# Chi-square as evaluation metrics for nonlinear machine learning regression models

I am using machine learning models to predict an ordinal variable (values: 1,2,3,4, and 5) using 7 different features. I posed this as a regression problem, so the final outputs of a model are continuous variables. So an evaluation box plot looks like this: I experiment with both linear (linear regression, linear SVMs) and nonlinear models (SVMs with RBF, Random forest, Gradient boosting machines ). The models are trained using cross-validation (~1600 samples), and 25% of the dataset is used for testing (~540 samples). I am using R-squared and Root Mean Square Error (RSME) to evaluate the models on test samples. I am interested in finding an evaluation measure to compare linear models to nonlinear ones.

This is done for scientific research. It was pointed out that R-square might not be an appropriate measure for nonlinear models, and that the Chi-Square test would be a better measure for goodness of fit.

The problem is, I am not sure what is the best way to do it. When I browse Chi-square as the goodness of fit, I only get examples where the Chi-square test is used to see whether some categorical samples fit a theoretical expectation, such as here. So here are my considerations/questions:

1. One way I could think of is to categorize predicted (continuous) values into bins, and compare predicted distribution to the ground truth distribution using the Chi-Square test. But that doesn't make much sense, i.e. we have a machine learning model that perfectly predicts ground truth values 2,3, and 4, and values 5 predicts as 1, and values 1 as 5 - Chi-Square test that I propose here would reject the null hypothesis, although the model is mispredicting 2 out of 5 values.

2. As referred to in a tutorial from USC I could use formula (1) to compute Chi-Square value, where experimentally measured quantities (xi) are my ground truth values, and hypothesized values (mui) are my predicted values. My question is, what is the variance? If we observe each value 1,2,3,4, and 5 as a distinct category, then the variance of ground truth within each category is equaled to zero. Also, how one computes the degree of freedom (N-r)?

3. Related to the statement I am interested in finding an evaluation measure to compare linear models to nonlinear is the Chi-Square test the best (or even good) choice? What I've seen so far in machine learning competitions for regression tasks, either MSE or RSME are used for evaluation.

Use your test data to compare the predictive performance of each model.

In R you could do this like:

linear.predictions <- predict(linear.model, newdata = test.data)
nonlinear.predictions <- predict(nonlinear.model, newdata = test.data)

linear.percent.difference <- (test.data$TARGET_VARIABLE - linear.predictions) / test.data$TARGET_VARIABLE

nonlinear.percent.difference <- (test.$TARGET_VARIABLE - nonlinear.predictions) / test.dtat$TARGET_VARIABLE



This is a pretty simple way to do it, but it is one that works for me and is easy to understand, especially if your audience is going to eye-glaze as soon as you say "Chi-square..." Get creative!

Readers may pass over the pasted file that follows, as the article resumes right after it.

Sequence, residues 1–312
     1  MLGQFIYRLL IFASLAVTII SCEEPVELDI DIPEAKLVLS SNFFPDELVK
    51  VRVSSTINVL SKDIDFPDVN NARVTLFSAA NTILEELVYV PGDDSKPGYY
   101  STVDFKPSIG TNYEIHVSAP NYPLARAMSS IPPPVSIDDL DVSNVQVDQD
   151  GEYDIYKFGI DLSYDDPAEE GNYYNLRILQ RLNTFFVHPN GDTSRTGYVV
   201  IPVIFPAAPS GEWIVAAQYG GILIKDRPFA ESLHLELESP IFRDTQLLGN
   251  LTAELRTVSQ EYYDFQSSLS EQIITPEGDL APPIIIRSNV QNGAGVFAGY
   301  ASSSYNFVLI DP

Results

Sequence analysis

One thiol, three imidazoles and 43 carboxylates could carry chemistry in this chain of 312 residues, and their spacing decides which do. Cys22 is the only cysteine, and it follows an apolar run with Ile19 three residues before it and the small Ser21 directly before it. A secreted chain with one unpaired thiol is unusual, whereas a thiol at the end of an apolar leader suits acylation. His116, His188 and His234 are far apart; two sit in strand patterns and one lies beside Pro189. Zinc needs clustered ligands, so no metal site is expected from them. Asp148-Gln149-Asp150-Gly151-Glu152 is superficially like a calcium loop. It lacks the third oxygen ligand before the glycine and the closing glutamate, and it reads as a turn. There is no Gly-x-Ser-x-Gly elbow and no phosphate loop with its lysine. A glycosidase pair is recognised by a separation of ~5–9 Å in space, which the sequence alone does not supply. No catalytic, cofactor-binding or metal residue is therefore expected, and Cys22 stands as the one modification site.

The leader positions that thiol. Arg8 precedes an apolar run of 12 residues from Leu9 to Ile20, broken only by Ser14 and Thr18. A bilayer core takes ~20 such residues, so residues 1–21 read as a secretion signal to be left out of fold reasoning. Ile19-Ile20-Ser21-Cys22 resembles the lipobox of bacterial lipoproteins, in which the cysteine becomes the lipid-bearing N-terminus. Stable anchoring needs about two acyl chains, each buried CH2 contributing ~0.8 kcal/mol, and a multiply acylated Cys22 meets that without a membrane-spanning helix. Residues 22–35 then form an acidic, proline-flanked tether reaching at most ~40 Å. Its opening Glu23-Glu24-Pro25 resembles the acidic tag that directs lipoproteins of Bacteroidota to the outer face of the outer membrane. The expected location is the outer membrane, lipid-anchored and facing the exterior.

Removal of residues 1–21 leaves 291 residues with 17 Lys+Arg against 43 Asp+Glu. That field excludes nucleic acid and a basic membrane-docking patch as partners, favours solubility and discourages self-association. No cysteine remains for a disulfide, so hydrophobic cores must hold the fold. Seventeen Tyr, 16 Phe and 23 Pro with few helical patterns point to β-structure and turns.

• Thanks. Your proposal is unrelated to Chi-square test, right? What I can get from code, $modelGrade = 1/N\sum_{i=1}^{N} (y_i-yp_i)/y_i$, where y are ground truth values, and yp are values predicted by the machine learning model. Imagine a situation where we have two models predicting the same distribution of residuals (y-yp) – one makes more errors on examples with ground truth 1 and 2, and another one with ground truth values 4 and 5. So second one will have lower grade (and would be rated better?), although their predictive performance is the same. Sorry, but this does not make sense to me.
– Alex
Aug 10 '18 at 20:29
• Yes what I suggest is unrelated to Chi-square. I am suggesting calculating a percent difference between predicted and actual values. yp is a measure of the difference between predicted and actual. How large the difference is depends on the model, not the actual values. For example if y = 3 and Model 1 predicts 1 and Model 2 predicts 5 the difference is still 2. Are you suggesting the mean should be calculated on the absolute value of the percentages? This would keep negatives and positives from summing to 0 and skewing the result. I think that is a good idea. Aug 10 '18 at 23:18
• In my previous comment, I was trying to interpret your code, not suggesting anything. It looks like you are computing residuals (difference between real/ground truth values and predicted values), then dividing it with real/ground truth and then computing the mean of it. The division part is what I am bothered by (see my previous comment in which I try to give an example explaining why your measure is not valid). Anyways, there are reliable evaluation measures for regression problems, for example check [Mean Square Error] (en.wikipedia.org/wiki/Mean_squared_error)
– Alex
Aug 13 '18 at 18:54
• You asked for additional metrics that could be interpreted across model types. What I have suggested is a metric that you can use. The division exists only to show the residual as a percentage to ease interpretability. Aug 13 '18 at 21:00
• Yes, I have asked that, and so far you have been the only one to answer. I appreciate that, thanks. You intentions are good, but we just seem not to agree about the validity of the metric you propose. No offense :).
– Alex
Aug 15 '18 at 20:19

You should frame your problem as ordinal regression. Then the model would predict target value, one of the five integer values.

As a result, the evaluation would not be best done with Root Mean Square Error (RSME). Chi-Square test could be applied between expected and predict counts for each of the five value levels.

If you want to then add in other model types, find the ordinal analogs (ordinal SVM or ordinal decision tree). The same Chi-Square test based on counts can be applied to find the best model.